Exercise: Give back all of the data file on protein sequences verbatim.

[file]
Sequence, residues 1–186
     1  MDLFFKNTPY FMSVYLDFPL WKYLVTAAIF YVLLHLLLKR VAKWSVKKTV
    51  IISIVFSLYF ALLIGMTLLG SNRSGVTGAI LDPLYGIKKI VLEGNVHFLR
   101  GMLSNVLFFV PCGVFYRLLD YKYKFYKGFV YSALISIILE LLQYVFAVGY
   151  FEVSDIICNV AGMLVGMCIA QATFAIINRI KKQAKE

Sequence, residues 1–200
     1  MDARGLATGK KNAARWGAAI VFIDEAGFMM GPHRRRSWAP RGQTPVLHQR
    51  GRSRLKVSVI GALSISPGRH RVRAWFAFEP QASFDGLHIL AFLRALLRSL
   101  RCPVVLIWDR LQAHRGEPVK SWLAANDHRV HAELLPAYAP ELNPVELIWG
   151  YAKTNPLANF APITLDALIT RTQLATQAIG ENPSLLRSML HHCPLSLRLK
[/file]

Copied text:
Sequence, residues 1–186
     1  MDLFFKNTPY FMSVYLDFPL WKYLVTAAIF YVLLHLLLKR VAKWSVKKTV
    51  IISIVFSLYF ALLIGMTLLG SNRSGVTGAI LDPLYGIKKI VLEGNVHFLR
   101  GMLSNVLFFV PCGVFYRLLD YKYKFYKGFV YSALISIILE LLQYVFAVGY
   151  FEVSDIICNV AGMLVGMCIA QATFAIINRI KKQAKE

Sequence, residues 1–200
     1  MDARGLATGK KNAARWGAAI VFIDEAGFMM GPHRRRSWAP RGQTPVLHQR
    51  GRSRLKVSVI GALSISPGRH RVRAWFAFEP QASFDGLHIL AFLRALLRSL
   101  RCPVVLIWDR LQAHRGEPVK SWLAANDHRV HAELLPAYAP ELNPVELIWG
   151  YAKTNPLANF APITLDALIT RTQLATQAIG ENPSLLRSML HHCPLSLRLK